A jury reached a $51 million verdict in the landmark Philadelphia premises liability case of Shareif Hall v. SEPTA involving an escalator incident that tore off the foot of a 4-year-old boy.
The case drew widespread media attention, including a cover story in the Philadelphia Daily News. The 4-year-old, his brother and mother were exiting a SEPTA subway station in North Philadelphia from a shopping trip for Thanksgiving dinner when a step on the escalator malfunctioned, severing Shareif's right foot.
Robert Ross commenced the litigation in the Philadelphia Court of Common Pleas and conducted countless deposition and pre-trial discovery in the case.
During the trial, it was revealed that SEPTA had known for several years that the escalator at the Cecil B. Moore Station at the North Philadelphia Broad Street station exit was in disrepair.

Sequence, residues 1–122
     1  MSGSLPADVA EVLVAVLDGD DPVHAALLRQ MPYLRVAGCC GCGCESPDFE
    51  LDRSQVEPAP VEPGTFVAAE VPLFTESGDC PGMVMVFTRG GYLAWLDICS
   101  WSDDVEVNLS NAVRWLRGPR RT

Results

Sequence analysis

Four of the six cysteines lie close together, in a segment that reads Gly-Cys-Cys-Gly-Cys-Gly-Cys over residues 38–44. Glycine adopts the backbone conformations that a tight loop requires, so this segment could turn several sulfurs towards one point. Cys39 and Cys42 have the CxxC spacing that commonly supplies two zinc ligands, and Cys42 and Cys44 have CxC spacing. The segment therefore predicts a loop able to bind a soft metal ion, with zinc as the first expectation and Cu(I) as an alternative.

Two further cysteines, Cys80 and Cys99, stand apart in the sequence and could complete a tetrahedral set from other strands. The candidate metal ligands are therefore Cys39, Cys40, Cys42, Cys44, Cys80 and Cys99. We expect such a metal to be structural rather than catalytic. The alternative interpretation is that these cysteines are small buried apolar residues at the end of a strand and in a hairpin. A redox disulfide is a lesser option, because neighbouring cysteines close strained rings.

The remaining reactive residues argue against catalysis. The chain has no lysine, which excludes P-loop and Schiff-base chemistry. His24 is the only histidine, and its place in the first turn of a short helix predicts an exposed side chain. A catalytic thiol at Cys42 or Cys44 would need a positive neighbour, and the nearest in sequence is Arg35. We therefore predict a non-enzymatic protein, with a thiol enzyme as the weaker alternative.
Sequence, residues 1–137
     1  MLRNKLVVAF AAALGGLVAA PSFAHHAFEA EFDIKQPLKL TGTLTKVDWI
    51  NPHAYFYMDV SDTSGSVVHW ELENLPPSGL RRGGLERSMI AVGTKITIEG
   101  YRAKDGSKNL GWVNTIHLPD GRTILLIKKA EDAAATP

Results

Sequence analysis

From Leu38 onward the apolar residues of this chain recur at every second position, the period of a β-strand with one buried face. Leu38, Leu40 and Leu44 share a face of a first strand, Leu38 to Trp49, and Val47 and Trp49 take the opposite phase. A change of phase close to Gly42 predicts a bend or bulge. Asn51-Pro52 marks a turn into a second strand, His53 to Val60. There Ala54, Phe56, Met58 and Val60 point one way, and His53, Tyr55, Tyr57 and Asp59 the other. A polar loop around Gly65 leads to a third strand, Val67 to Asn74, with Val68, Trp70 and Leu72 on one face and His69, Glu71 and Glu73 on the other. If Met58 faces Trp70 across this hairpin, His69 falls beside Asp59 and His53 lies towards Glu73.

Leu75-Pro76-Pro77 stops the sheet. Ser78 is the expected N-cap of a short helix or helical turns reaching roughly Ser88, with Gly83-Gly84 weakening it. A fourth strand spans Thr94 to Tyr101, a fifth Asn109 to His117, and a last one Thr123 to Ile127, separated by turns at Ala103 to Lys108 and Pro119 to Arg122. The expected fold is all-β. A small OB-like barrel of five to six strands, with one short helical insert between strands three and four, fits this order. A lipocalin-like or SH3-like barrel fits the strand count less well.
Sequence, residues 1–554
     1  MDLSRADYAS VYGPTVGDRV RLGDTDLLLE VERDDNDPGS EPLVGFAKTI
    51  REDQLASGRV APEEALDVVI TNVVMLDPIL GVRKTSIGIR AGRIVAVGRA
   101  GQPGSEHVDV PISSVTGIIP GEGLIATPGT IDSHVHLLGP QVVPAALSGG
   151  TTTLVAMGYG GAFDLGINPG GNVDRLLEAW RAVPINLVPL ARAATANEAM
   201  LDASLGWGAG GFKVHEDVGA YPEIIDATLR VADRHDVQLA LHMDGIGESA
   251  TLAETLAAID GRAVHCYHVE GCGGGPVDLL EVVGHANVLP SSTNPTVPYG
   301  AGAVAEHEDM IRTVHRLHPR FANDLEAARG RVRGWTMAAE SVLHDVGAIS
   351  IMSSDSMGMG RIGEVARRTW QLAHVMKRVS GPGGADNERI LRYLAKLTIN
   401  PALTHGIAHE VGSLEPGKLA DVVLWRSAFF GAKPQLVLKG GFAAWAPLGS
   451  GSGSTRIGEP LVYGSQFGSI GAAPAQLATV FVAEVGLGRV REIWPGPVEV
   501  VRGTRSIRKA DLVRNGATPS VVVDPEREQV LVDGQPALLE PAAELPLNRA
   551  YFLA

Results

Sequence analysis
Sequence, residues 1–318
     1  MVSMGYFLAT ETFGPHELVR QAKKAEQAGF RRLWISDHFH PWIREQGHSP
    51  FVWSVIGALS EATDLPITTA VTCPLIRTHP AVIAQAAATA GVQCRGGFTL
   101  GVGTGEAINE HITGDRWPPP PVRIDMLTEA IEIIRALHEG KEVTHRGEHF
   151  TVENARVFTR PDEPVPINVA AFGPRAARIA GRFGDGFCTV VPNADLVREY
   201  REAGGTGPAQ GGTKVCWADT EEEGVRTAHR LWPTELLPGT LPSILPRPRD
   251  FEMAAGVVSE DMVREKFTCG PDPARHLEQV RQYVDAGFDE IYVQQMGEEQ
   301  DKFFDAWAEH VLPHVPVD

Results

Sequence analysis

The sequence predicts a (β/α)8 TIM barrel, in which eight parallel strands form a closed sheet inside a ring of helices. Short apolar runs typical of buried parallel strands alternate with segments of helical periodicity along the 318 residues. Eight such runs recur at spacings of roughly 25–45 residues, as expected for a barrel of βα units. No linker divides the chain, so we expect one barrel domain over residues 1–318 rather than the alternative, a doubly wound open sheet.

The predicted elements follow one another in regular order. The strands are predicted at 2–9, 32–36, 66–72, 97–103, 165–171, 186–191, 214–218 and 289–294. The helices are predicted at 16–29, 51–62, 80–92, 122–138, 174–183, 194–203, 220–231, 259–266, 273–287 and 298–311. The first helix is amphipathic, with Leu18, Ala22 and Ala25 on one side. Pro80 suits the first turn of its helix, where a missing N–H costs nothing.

At trial, Ross's dogged questioning of a key SEPTA official brought to light that the transit agency withheld documents, tampered with evidence and obstructed the legal process in the case. Those revelations uncovered by Ross prompted the trial judge, the Hon. Frederica Massiah-Jackson, to hammer SEPTA with a $1 million contempt citation.
Since the verdict, there has been a massive overhaul of the transit authority that includes the creation of a new department intended to ensure the safety of escalators and the maintenance of all other infrastructure.
Shareif and his mother and family have since moved to another state in an attempt to get past the haunting memories of what happened. The family is said to be doing well.